How much water should I drink?

July 20, 2013

One of the most important things you must do to get in shape and be healthy is drink enough water, but how much is really enough? The answer to this question is tough because people are shocked when they hear the answer. To drive the point home, I decided to give you the perspective of two different professionals, the fitness trainer who would advise you to drink enough to be healthy and lose weight, and Dr. Paul Cowan, chief of the department of emergency medicine at Beebe Medical Center, who might be the one that saves your life if you don’t.

Why should people drink more water?

Chris Antonio: One of the most important things people must do to get in shape and perform at optimal level is drink enough water. Failure to do so will cause a variety of problems. Many of the people I work with need to lose weight to get healthy and not drinking enough water will make this a very difficult task. Proper hydration is essential to a strong metabolism, and even if you are only mildly dehydrated, your body will store fat and you’ll make little progress. Water is also very important to energy and performance, and failure to drink enough will leave you sluggish and unmotivated.

Dr. Paul Cowan: Maintaining good hydration is critical to your health. You can stay hydrated by drinking the right amount of water, juices, sports drinks - with electrolytes - and even eating fruits and vegetables. Drinking large amounts of alcohol or drinks loaded with caffeine can cause loss of fluid and can be the main cause of dehydration. Dehydration can negatively impact your physical performance both on the job and at play. As a doctor, I see many disease processes such as strokes, heart attacks and kidney failure that are acutely worsened because of dehydration.

How much water should people drink?

Chris Antonio: Water needs depend on a variety of different factors such as activity level, temperature and caffeine intake, but a good rule of thumb for the average person is to drink 10 10-oz. glasses spread throughout the day. If you are extremely active, you may need to drink an extra 10 to 20 ounces. This may sound like a lot, but it’s important to remember that your muscles, skin, blood and organs are made of mostly of water, and without proper hydration, your body will not function correctly.

Dr. Paul Cowan: At a minimum, men should drink just under 3.5 liters - 120 oz. - a day and women should drink about 3 liters - 100 oz.  But remember to consider your activity and your environment.  If you do a lot of cardio activity, you need to increase your total fluid intake. More importantly, you need to consider your environment.  When the temperature is in the 90s with high humidity, your body expends more energy and fluid cooling itself. As a rule it’s hard to drink too much, but it's easy not to get enough.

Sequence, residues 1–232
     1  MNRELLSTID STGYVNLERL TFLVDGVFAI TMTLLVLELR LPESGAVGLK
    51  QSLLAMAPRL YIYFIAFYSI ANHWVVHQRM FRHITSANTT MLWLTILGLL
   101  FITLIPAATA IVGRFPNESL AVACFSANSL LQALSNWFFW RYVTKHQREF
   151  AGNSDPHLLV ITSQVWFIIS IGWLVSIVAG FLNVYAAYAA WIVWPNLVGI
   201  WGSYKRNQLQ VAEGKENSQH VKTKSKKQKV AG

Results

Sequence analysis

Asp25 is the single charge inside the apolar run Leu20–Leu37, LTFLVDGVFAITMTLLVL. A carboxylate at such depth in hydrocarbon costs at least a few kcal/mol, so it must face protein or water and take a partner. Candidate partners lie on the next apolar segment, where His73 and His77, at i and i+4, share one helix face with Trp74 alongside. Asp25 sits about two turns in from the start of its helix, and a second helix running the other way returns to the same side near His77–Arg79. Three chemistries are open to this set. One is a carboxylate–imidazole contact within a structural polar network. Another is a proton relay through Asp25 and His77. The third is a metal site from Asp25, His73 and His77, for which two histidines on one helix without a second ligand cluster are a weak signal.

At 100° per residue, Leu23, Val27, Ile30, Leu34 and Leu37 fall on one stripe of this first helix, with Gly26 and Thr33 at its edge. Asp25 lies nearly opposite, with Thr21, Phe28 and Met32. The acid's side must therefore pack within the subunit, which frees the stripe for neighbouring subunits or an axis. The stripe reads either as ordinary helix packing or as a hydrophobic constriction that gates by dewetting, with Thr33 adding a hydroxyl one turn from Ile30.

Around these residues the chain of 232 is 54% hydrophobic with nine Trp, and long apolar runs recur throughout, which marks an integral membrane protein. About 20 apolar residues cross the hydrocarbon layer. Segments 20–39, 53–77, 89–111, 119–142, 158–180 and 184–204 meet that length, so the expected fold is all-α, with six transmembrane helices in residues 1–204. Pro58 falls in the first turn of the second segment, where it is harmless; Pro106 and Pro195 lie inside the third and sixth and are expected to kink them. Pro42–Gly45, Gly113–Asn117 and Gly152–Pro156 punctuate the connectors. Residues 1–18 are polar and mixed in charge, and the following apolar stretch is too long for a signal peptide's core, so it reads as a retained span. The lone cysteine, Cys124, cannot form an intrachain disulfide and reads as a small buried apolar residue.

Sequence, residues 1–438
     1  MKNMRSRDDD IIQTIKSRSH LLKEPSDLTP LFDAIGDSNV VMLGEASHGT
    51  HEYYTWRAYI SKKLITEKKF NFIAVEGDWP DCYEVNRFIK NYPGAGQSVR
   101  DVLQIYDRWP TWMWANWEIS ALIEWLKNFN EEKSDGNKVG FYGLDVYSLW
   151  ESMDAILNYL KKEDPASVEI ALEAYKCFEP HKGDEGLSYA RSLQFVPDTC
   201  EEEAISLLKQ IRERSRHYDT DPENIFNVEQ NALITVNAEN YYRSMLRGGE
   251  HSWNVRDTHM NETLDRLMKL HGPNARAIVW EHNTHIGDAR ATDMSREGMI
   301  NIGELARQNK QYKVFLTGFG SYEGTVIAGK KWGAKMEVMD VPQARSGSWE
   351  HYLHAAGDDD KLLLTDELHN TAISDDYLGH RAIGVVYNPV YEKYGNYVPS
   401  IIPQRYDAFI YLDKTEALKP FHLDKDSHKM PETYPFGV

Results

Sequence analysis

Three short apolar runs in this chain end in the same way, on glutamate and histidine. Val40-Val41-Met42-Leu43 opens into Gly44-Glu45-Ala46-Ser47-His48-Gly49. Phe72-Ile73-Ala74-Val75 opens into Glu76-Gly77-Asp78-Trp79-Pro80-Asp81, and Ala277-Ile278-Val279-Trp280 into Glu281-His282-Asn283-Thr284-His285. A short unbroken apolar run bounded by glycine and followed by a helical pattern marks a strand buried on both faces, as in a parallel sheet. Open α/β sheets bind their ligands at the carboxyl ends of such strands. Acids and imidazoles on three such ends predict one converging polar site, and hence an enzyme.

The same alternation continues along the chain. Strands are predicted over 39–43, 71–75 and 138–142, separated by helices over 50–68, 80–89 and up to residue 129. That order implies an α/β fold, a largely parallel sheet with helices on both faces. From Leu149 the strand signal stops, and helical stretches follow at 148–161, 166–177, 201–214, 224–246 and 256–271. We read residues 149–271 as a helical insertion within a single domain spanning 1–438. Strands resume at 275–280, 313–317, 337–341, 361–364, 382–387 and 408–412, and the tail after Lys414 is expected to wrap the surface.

What happens when people don’t drink enough water?

Chris Antonio: For my clients, drinking enough water can be the difference between success and failure in their fitness program. People who fail to drink enough water experience a sluggish metabolism, constipation, low energy and difficulty controlling their appetite. In fact, research has proven people who drink enough water eat an average of 75 fewer calories per meal and 27,000 fewer calories per year, and that could make a difference of a couple pounds of weight gain. Also, people often confuse hunger with thirst, and failure to drink enough water often results in binge eating and little to no willpower when trying to resist junk foods.

Dr. Paul Cowan: We see many people in the emergency department this time of year who are dehydrated after being outside too long without drinking enough fluids. They often experience nausea, fatigue, headache, irritability and confusion. Certainly none of those symptoms are good if you are trying to compete or simply work in the heat. It's amazing how much better people feel after they are rehydrated, regardless of why they got dehydrated.

Advice for people about staying properly hydrated?

Chris Antonio: Drinking enough water is habit forming, and once you experience what it feels like to drink enough, you won’t want to go without. It’s like fixing an engine that wasn’t firing on all cylinders; all of a sudden you have a lot more get up and go. At first you will feel like you are spending a lot of time in the bathroom, but eventually your body will regulate. A good way to make sure you drink enough is to track how many bottles of water you drink daily and then make the necessary adjustments. You can also put fruit or calorie-free flavor packets in your water, for example, Crystal Light.

Dr. Paul Cowan: First of all, it’s a lot easier to stay hydrated than it is to try to get rehydrated. A good way to tell if you are properly hydrated is to monitor the frequency and color of your urine. You should be urinating every hour or two, and your urine should be a faint, clear yellow. When your urine is dark and concentrated, you need lots of fluid.

  • Chris Antonio is a personal trainer and former world-class weightlifter. He has been lifting for more than 20 years and has trained a wide variety of clients ranging from All-American athletes to the average person trying to get into shape. To send a question to the Ask the Trainer column, email Chris at or check out

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